But if we’re talking pros vs cons: it’s been one worthwhile, wild ride. Through my Masters, I learned just how complex it is to address taboos around sex, sexuality, and sexual violence in most Asian communities within Aotearoa. Quick sidenote: I haven’t officially submitted the thesis yet, so a teaser is all that’s gonna happen right now, sorry. But sneak peek! Turns out that the Asian students I interviewed are highly concerned about the power of family reputation, gender and social stereotypes, Asian and Kiwi cultural differences, and the limits of bilingual prevention campaigns when it comes to representing diverse identities and experiences.
The insight of my participants has shaped this research; I hope in turn this research will inform policy in uni and other settings. This research stems from the need for culturally sensitive campaigns to tackle the persistent issue of sexual violence on our campuses. Because we can do without swapping stories like they’re gifts on Christmas morning (except this time it’s all year-round). I don’t need to relate to other Asian women about being sexually harassed and/or assaulted because our ethnicity apparently equals this treatment. We’re all so tired of it too.
I still sometimes apologise for bringing up the link between ‘Asian fetish’ and sexual violence even though it first inspired my Masters. I dislike upsetting those around me because this isn’t exactly a hot party topic—it is exposing, sensitive, and sometimes people would rather not talk about it. But on one occasion, I remember one of my supervisors reassuring me: “You don’t have to say sorry. You’re the one who has to experience it.”
Because my research is not just on paper. It is lived and breathed for many Asians in Aotearoa every day. It’s not fun talking to someone new and wondering if they only like you because you’re Asian or in spite of it. Nobody wants to hear ‘jokes’ about someone “ordering you like a mail bride from Vietnam” (how about no). And it’s not fun to be grabbed in public because some guy has decided your consent doesn’t matter, or never could.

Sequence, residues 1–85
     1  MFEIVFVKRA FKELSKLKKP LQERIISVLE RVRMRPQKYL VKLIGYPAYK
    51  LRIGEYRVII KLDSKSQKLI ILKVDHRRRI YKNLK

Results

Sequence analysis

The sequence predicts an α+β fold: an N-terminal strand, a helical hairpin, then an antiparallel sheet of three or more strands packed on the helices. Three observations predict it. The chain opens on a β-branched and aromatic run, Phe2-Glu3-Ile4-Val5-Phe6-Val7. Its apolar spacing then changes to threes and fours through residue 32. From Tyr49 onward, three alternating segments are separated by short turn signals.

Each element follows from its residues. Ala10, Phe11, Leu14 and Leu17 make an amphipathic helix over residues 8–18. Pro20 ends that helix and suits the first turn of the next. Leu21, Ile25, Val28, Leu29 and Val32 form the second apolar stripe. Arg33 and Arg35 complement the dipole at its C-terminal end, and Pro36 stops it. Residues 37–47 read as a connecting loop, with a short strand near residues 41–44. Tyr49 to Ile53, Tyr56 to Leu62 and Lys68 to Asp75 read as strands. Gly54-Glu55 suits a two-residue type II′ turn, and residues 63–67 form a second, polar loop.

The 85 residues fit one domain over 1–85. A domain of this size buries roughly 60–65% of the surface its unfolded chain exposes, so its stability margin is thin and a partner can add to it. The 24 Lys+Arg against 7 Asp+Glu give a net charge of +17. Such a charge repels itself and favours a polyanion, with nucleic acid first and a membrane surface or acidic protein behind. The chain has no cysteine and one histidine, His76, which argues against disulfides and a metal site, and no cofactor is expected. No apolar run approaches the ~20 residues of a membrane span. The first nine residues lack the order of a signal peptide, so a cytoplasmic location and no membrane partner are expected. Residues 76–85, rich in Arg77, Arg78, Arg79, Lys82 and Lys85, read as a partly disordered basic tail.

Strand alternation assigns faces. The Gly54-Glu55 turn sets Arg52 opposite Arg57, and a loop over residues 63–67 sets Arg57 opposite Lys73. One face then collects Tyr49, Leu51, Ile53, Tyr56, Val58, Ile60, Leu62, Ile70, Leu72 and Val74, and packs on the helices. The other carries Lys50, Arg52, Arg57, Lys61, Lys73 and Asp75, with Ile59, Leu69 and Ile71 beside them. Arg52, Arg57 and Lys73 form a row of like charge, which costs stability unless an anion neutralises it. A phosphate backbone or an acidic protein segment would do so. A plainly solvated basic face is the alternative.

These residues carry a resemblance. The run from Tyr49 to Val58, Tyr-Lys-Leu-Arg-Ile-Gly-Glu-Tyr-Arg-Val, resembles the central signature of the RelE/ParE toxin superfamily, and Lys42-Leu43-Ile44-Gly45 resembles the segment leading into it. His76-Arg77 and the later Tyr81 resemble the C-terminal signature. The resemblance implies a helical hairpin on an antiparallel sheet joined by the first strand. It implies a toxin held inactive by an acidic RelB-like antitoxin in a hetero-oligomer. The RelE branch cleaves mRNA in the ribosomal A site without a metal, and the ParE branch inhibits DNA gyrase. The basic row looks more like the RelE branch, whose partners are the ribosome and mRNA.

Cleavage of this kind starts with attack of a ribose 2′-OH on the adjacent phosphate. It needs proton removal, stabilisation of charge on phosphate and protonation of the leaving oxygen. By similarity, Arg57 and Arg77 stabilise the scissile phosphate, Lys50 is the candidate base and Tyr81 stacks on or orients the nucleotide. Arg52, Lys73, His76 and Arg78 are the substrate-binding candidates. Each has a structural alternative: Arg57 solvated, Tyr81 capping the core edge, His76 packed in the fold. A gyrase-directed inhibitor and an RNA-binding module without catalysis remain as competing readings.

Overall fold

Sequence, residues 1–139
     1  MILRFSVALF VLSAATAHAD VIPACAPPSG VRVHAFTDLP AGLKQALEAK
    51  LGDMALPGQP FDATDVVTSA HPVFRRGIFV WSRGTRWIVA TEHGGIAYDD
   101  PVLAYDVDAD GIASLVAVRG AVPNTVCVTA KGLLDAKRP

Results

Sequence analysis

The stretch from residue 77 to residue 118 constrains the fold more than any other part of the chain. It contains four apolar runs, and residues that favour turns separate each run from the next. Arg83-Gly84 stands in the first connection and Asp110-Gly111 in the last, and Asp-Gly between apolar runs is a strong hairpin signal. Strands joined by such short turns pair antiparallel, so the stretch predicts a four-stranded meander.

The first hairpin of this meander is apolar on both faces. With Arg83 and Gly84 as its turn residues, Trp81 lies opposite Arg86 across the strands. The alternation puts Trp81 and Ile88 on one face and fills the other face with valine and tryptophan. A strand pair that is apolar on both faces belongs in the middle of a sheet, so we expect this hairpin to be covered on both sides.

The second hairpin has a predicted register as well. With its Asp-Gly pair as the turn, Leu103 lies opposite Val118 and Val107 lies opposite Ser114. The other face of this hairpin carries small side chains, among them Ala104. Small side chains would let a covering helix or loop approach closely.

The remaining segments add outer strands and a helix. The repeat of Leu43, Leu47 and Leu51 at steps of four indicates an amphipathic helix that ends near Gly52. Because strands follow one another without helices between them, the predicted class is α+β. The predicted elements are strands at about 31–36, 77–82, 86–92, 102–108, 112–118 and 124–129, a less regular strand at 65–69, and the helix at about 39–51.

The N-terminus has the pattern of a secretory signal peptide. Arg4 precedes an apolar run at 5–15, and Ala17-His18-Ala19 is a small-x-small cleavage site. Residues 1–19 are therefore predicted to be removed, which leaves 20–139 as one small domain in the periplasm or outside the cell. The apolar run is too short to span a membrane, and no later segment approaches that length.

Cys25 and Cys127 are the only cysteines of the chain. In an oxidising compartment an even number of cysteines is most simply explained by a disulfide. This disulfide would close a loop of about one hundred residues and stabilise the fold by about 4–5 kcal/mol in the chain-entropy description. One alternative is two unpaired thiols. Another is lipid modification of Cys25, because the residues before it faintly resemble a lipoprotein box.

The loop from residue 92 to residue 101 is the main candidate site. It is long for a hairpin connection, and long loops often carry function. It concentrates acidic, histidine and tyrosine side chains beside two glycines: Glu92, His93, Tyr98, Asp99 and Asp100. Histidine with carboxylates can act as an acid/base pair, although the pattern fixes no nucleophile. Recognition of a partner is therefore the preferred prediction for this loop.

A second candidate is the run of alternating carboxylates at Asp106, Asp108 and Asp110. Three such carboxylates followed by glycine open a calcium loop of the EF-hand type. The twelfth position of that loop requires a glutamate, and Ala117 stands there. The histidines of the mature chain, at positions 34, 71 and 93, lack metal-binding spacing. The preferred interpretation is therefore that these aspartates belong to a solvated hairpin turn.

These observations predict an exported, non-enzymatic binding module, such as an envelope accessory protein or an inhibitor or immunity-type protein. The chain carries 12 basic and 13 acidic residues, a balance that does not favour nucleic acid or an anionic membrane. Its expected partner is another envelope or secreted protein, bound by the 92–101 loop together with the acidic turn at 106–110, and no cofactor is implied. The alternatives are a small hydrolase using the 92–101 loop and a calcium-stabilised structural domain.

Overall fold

We never wanted to be ‘special’ or singled out. We just want to be safe.
And I think that is why I’m not doing something about Asian fetish—we all are.
Everyone who has shown any kind of support—whether it’s signing up to participate, agreeing to informal Zoom interviews, jumping on board the research team, or even sharing the many words of encouragement from friends (old and new alike). Everyone who’s had to experience Asian fetish, or shared their experiences, and everyone who’s listening and learning.
Ngā mihi—this research belongs to all of us.
Disclaimer: all the personal anecdotes shared here are my own unless stated otherwise
1 Bitna Kim, “Asian Female and Caucasian Male Couples: Exploring the Attraction,” Pastoral Psychology 60 no. 2 (2011): 233-244, https://doi.org/10.1007/s11089-010-0312-9.
2 Robin Zheng, “Why Yellow Fever Isn’t Flattering: A Case Against Racial Fetishes.” Journal of the American Philosophical Association 2 no. 3 (2016): 400-419, https://doi.org/10.1017/apa.2016.25.
3 Sunny Woan,. “White Sexual Imperialism: A Theory of Asian Feminist Jurisprudence,” Washington and Lee Journal of Civil Rights and Social Justice Law, no. 14 (2008): 275-301, http://scholarlycommons.law.wlu.edu/cgi/viewcontent.cgi?article=1243&context=crsj
4 See Ng (1959) and Shimizu (2021)
5 See Chow (2002), Elliot (2000), Glen (2002), Mascabasco (2005), Murphy (2002), Stevens & Abusaid (2021), Tizon (2011) and Zacharias (2002) for some examples